Comments made below and on twitter make me realize I should articulate why I have not included Sir. 44-50 and Wisdom 10 in this comparison. There are certainly similarities between these four texts that are worth examining. ((Eisenbaum, Pamela Michelle. The Jewish Heroes of Christian History: Hebrews 11 in Literary Context. Society of Biblical Literature Dissertation Series 156. Atlanta: Scholars Press, 1997.)) but where 1 Macc 2 and Heb 11 share key traits to be analyzed below, Sir and Wis are distinct from both. In the case of Sir we find a true encomium, praising the individuals without explicitly offering them as examples to be emulated. Wis 10 is yet another sort of text. In it “wisdom” is personified and presented as the savior, the agent by which God brought about his preserving work in his people Israel. Wisdom is the active agent rather than being something, like faith or great deeds, that the reader is to have or exhibit. The genre, style, and theology is something altogether different than what is found in either 1 Macc 2 or Heb 11.
Summary of the Argument
Most commentators ((Particularly see:
Cosby, Michael R. The Rhetorical Composition and Function of Hebrews 11 In Light of Example Lists in Antiquity. Macon, GA: Mercer University Press, 1988.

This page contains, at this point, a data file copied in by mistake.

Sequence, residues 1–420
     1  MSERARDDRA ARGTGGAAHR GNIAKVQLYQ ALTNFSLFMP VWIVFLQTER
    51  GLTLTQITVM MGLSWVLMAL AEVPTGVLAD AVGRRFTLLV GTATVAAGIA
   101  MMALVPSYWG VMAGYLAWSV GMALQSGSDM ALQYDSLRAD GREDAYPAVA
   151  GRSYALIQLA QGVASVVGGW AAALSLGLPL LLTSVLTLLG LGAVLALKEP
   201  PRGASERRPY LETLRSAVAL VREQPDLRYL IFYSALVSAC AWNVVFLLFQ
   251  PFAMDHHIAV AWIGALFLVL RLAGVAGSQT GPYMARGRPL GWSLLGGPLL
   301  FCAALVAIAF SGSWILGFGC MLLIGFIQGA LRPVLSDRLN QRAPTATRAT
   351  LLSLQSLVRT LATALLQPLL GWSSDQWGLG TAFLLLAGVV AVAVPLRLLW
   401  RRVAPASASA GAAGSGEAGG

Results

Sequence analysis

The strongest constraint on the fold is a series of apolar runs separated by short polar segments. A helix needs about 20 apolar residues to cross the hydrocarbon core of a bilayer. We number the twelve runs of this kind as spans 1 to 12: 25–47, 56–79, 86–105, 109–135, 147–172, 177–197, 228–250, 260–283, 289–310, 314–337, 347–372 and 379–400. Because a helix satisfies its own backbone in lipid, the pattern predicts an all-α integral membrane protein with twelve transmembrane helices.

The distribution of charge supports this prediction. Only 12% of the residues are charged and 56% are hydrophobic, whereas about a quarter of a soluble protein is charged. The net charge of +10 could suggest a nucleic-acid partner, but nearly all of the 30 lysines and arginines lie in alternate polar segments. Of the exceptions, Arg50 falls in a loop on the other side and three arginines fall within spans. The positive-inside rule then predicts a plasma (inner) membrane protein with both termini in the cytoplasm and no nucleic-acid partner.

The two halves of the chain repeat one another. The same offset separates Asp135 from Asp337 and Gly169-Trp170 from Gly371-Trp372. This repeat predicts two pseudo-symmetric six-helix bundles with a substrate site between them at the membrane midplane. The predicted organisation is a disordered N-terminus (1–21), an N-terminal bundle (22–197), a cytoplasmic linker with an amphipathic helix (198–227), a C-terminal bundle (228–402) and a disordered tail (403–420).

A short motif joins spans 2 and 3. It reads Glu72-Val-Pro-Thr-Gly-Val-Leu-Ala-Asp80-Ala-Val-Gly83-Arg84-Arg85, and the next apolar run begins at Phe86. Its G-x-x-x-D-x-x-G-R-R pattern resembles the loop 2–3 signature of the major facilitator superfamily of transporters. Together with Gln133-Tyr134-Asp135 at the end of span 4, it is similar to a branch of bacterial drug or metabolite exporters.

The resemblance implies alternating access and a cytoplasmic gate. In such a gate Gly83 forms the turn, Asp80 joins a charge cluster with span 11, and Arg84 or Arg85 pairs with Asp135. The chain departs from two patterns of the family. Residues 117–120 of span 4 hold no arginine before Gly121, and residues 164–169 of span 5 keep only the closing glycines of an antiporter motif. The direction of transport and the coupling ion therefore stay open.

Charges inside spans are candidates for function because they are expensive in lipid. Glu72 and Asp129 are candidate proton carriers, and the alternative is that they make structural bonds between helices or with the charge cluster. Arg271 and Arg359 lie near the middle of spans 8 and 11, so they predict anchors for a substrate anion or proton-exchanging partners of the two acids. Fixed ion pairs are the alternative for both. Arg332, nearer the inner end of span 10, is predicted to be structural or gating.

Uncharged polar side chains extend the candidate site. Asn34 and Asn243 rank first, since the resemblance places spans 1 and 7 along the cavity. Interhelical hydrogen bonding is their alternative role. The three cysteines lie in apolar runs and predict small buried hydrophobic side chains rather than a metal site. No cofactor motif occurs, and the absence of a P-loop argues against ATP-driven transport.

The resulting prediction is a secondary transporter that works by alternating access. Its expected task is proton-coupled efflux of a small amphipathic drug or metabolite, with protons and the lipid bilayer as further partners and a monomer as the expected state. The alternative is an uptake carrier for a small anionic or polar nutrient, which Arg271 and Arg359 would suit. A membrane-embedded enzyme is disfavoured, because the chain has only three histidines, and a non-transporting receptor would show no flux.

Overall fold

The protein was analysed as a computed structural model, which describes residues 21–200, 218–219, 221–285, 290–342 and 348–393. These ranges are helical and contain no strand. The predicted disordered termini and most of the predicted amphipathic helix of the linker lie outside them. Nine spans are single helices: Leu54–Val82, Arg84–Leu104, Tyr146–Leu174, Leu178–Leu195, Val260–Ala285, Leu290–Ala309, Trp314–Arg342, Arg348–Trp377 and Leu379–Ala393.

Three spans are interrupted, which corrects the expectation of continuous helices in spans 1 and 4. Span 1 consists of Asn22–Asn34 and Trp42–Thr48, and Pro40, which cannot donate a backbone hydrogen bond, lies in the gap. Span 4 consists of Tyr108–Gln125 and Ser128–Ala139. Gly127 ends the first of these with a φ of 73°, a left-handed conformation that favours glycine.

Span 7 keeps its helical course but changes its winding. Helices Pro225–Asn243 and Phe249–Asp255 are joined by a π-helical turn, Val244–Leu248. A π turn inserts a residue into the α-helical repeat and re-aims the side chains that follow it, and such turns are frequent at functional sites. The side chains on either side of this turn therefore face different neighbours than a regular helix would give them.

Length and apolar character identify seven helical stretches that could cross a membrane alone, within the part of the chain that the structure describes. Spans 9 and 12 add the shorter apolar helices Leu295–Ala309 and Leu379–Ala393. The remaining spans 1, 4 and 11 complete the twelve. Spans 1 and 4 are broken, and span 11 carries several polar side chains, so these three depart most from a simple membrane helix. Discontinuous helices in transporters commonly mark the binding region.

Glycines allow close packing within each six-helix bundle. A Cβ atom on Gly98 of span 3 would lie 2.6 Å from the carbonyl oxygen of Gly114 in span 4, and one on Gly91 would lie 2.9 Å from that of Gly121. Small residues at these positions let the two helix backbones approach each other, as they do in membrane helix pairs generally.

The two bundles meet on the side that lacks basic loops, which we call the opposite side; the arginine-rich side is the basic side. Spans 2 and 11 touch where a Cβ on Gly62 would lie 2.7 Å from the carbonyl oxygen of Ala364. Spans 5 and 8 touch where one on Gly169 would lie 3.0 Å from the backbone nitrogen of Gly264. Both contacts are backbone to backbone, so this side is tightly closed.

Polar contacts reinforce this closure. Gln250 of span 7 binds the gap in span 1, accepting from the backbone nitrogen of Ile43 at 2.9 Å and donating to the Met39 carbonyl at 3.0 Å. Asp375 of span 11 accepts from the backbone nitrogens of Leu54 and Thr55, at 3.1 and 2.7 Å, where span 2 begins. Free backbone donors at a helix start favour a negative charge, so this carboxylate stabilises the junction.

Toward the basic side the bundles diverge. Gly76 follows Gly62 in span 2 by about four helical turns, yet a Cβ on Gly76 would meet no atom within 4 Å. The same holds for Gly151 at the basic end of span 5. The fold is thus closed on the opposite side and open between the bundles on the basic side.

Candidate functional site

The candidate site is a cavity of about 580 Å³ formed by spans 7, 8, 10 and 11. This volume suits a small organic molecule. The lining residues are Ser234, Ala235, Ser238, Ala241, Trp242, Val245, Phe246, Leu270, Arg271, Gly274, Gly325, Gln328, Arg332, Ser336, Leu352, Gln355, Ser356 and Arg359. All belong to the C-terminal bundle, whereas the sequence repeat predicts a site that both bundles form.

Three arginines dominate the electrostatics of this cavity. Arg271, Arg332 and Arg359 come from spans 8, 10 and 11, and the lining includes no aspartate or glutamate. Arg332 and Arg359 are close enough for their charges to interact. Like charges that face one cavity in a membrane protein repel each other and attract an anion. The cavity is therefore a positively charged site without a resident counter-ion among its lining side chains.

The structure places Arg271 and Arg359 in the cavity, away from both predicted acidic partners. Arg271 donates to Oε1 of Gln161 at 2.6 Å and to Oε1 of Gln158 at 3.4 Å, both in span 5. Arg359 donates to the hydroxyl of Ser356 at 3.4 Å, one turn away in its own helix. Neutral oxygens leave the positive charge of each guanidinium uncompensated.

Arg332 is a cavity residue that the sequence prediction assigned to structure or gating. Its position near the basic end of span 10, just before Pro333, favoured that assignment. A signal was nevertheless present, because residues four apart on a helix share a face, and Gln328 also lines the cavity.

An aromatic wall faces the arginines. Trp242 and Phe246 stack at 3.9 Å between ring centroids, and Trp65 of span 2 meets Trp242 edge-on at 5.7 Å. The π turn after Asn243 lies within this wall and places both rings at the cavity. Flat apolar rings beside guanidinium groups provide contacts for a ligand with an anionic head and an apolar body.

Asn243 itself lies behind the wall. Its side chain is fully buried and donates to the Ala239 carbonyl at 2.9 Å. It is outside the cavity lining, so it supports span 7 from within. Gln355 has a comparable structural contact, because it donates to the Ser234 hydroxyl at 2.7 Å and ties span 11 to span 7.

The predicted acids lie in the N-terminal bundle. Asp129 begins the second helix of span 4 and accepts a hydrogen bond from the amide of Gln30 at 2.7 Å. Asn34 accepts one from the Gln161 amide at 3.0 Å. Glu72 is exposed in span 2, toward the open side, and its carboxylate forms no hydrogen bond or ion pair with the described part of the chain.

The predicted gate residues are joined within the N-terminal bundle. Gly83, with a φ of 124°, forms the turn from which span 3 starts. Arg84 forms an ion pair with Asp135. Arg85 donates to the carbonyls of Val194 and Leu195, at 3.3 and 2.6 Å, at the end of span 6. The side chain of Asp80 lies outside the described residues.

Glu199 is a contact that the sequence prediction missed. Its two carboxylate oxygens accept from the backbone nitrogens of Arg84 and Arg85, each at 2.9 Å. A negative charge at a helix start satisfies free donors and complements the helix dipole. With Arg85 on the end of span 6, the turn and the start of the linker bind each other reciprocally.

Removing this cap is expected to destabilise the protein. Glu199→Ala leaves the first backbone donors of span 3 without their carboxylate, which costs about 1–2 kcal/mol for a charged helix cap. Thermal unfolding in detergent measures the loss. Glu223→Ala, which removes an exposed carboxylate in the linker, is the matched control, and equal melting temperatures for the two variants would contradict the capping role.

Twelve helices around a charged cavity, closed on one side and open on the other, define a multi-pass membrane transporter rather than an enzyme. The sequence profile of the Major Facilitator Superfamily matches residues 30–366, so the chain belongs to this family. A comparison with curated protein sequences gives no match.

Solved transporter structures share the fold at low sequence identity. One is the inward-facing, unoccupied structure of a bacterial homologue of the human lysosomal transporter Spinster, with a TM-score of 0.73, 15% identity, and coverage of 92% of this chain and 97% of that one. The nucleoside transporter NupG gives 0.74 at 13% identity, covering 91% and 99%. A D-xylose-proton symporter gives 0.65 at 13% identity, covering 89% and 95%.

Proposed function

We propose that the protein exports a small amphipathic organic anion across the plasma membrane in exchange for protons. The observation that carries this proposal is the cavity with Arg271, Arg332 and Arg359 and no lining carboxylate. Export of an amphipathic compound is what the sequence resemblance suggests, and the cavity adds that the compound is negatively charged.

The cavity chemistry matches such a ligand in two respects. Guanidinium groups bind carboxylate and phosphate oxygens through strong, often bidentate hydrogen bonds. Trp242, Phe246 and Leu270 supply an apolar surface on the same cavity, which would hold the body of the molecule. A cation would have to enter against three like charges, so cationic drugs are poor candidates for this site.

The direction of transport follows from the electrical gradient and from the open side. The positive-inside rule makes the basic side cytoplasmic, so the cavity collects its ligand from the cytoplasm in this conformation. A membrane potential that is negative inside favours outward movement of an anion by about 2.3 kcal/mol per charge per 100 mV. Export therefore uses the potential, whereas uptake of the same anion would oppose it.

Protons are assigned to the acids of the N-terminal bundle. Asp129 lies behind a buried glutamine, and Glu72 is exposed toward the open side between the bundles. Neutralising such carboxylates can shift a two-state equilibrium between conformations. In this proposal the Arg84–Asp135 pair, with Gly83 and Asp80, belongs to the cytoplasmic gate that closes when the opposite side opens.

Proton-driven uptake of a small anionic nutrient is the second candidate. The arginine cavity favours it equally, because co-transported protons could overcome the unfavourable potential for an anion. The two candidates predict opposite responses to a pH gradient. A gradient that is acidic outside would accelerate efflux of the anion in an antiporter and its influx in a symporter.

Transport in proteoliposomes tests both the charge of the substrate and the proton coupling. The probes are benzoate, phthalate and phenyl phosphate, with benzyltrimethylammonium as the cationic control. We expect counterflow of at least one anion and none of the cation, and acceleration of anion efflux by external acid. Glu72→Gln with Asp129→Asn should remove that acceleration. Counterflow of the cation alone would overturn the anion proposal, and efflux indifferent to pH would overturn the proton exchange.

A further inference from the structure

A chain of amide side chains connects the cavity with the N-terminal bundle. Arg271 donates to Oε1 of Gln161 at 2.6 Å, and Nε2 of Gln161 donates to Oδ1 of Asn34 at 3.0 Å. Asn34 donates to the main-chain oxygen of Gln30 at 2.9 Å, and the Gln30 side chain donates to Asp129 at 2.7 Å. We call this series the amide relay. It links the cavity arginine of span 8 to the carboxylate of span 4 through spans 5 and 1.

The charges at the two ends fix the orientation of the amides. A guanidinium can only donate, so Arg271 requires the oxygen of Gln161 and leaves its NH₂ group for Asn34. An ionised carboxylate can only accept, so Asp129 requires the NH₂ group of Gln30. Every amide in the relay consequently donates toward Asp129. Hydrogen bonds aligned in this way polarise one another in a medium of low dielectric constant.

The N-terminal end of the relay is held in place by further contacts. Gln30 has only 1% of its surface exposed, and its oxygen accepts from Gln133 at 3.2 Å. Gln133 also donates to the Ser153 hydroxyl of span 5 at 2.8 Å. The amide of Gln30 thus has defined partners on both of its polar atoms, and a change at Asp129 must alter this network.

Eisenbaum, Pamela Michelle. The Jewish Heroes of Christian History: Hebrews 11 in Literary Context. Society of Biblical Literature Dissertation Series 156. Atlanta: Scholars Press, 1997.)) do note that 1 Macc 2, like Hebrews 11, has a list of biblical heroes and presents them in chronological order. They then dismiss 1 Maccabees as not being similar enough to have been a literary influence on Hebrews. That may be so, but I contend that theologicaly there is a rather direct influence. The passages function in much the same way (so in that sense we might say there is a literary influence) as it encourages the audience to remain faithful in times of persecution, but the vital difference is their choice of emphasis. The author of 1 Maccabees emphasizes the “deeds of our ancestors” whereas Hebrews, of course, extols faith as the key to survival and salvation.
There is, of course, a long and deep history of debate surrounding faith and the law in the New Testament and I will not enter into that debate now. Yet the contrasting approaches of Heb 11 and 1 Macc 2:49ff. must be acknowledged, particularly because they share such similarities. An audience who knew 1 Maccabees would hear the words of Hebrews as building upon that earlier argument and getting behind it. The author of Hebrews is arguing that what motivates one to do deeds in keeping the law is vitally important and, in turn, should alter one’s expectations of reward.
So that is it, in a nutshell. The author of Hebrews is, in a very real sense, offering a derash upon 1 Macc. 12. It is offering a reading of that earlier author’s contention that God’s people should considered the positive examples of those who went before and to emulate them. The difference is that the author of Hebrews asserts that just their deeds are not enough and, unlike Mattathias, his concern for his audience is not that they should have “honor and a great name,” but that they should be faithful in this life and so be saved before the throne of God. Obviously the meaning of Hebrews 11 stands on its own. Yet when considered against the backdrop of Mattathias’ speech it stands in sharp relief.